Currently, most IoT applications use a simple architecture where they connect to the Cloud directly i.e. do not undertake edge computing. Increasingly, almost all future IoT applications will involve the ability to process data on edge devices. The requirement to run functionality on edge devices will also require us to run and maintain code on edge devices.  Modules will be run on devices using the container mechanism. Hence, the AI Edge Engineer functionality will involve running modules on Edge devices through containers. We describe this mechanism below for a simple telemetry application which is pre-developed.


Source: Azure Deploy your first IoT Edge module to a virtual Linux device

The steps are

  1. Create an IoT hub
  2. Register an IoT Edge device
  3. Configure your IoT Edge device
  4. Deploy a module

You could expand this idea to

  1. Train and deploy a module on an Edge device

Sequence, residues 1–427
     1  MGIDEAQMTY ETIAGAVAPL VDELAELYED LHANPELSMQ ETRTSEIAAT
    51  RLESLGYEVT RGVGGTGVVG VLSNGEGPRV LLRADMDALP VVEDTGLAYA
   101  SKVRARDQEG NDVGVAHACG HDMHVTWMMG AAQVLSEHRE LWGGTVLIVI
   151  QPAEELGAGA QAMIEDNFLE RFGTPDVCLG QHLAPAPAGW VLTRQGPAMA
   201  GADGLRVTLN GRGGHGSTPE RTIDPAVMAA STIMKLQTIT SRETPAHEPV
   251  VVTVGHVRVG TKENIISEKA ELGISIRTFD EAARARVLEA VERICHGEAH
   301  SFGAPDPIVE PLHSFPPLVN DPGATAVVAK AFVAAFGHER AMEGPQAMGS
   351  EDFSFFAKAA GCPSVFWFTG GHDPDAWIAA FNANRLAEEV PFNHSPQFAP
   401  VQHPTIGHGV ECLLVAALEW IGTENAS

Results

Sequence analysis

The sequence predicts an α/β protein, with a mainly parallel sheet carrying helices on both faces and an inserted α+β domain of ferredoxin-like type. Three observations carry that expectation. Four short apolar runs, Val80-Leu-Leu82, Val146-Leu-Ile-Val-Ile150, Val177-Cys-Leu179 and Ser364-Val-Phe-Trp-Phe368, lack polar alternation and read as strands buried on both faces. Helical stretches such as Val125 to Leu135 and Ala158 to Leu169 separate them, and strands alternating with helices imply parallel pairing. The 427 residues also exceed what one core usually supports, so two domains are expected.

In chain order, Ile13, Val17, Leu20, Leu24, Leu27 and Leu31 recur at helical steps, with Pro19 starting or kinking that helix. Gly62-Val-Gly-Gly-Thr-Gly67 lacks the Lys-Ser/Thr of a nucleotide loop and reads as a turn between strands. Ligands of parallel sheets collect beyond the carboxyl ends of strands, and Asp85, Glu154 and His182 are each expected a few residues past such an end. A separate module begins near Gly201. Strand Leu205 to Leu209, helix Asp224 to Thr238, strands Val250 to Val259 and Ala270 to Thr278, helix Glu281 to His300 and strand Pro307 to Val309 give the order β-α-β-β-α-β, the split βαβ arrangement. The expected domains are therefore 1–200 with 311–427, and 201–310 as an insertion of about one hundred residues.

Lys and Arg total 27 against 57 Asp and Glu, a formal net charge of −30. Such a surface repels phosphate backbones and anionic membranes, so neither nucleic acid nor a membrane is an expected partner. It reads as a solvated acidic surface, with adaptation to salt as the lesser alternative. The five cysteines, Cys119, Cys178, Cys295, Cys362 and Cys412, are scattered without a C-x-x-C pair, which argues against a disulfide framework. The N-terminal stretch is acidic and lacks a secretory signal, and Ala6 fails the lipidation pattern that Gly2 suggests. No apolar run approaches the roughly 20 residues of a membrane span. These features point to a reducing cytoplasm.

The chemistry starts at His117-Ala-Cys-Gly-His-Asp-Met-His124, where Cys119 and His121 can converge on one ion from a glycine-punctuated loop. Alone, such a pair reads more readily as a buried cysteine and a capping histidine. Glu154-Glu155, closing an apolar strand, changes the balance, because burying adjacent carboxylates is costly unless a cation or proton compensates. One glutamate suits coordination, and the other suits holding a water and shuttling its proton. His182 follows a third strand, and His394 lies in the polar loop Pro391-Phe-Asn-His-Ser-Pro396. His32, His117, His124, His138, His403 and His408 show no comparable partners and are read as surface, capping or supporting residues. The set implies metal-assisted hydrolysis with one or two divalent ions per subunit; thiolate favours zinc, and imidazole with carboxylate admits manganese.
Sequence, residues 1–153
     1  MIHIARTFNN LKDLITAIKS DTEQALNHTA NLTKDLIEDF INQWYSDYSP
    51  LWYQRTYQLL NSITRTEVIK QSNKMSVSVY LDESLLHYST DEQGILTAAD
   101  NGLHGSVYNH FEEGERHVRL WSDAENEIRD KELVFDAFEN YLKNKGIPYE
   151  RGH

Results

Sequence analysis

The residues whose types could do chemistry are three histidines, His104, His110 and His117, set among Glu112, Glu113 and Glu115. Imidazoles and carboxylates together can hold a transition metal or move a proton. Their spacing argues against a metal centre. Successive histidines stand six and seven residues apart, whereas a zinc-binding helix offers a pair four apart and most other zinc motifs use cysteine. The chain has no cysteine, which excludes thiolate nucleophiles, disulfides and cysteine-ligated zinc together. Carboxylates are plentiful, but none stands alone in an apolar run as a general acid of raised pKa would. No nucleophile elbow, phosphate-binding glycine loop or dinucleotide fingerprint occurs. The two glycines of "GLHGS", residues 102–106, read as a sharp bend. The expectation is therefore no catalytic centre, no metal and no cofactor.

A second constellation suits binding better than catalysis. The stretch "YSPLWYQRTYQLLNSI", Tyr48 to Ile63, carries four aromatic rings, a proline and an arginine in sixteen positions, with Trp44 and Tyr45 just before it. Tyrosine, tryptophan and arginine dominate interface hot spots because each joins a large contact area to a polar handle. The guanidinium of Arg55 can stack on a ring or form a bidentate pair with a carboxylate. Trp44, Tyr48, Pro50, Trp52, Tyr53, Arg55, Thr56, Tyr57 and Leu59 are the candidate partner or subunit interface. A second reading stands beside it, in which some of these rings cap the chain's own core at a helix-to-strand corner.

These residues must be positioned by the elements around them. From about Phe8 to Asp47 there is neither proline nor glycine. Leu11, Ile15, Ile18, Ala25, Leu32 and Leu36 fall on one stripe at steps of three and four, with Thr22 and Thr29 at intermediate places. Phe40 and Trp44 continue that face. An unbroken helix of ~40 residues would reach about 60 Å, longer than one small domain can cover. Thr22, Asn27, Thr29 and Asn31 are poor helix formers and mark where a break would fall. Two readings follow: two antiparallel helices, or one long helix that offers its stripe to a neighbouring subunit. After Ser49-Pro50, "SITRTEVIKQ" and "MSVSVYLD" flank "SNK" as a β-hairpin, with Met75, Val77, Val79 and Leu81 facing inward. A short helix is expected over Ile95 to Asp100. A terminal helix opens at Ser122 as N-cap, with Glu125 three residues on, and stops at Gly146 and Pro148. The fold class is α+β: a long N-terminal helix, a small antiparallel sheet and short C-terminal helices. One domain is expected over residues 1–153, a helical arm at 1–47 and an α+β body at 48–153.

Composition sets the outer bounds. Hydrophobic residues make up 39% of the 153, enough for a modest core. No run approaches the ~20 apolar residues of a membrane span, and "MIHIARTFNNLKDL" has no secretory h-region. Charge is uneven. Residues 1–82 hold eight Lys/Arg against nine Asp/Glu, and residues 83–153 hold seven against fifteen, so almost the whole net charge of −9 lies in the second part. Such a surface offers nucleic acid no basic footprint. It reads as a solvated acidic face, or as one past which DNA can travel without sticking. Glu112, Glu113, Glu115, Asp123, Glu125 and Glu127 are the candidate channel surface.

2. Continuous integration and continuous deployment to IoT Edge

The expanding role of containers with CI/CD

It is now possible to deploy a CI/CD ready IoT Edge project. The availability of a CI/CD pipeline could help developers deliver value faster with rapid updates i.e. extend the power of CI/CD to Edge devices.  

This helps developers to create use cases such as:

  • Rapid software updates
  • A/B testing for devices
  • Security ex CICD on MCU devices
  • Parallize builds
  • containers by vertical
  • Containers for target devices (specific hardware)
  • Smoke testing for IoT devices


 source: Azure/Microsoft

Implications for Telecoms

While the deployment of containers on Edge devices may seem a nascent application,  I believe that soon, as intelligence starts to be embedded into devices,  many large scale IoT / Edge applications would use this architecture (for example autonomous vehicles. Drones etc).  Today, a few applications deploy AI to complex edge devices ex Ocado – but the future may be different. This is broadly true of Telecoms in a post-5G world as can be seen by the Azure AT&T partnership and the Azure – Reliance Jio partnership.

I seek your comments if you are exploring similar ideas – especially if you are in academia / research. We are happy to share insights/code as we develop it. You can connect with me on linkedin HERE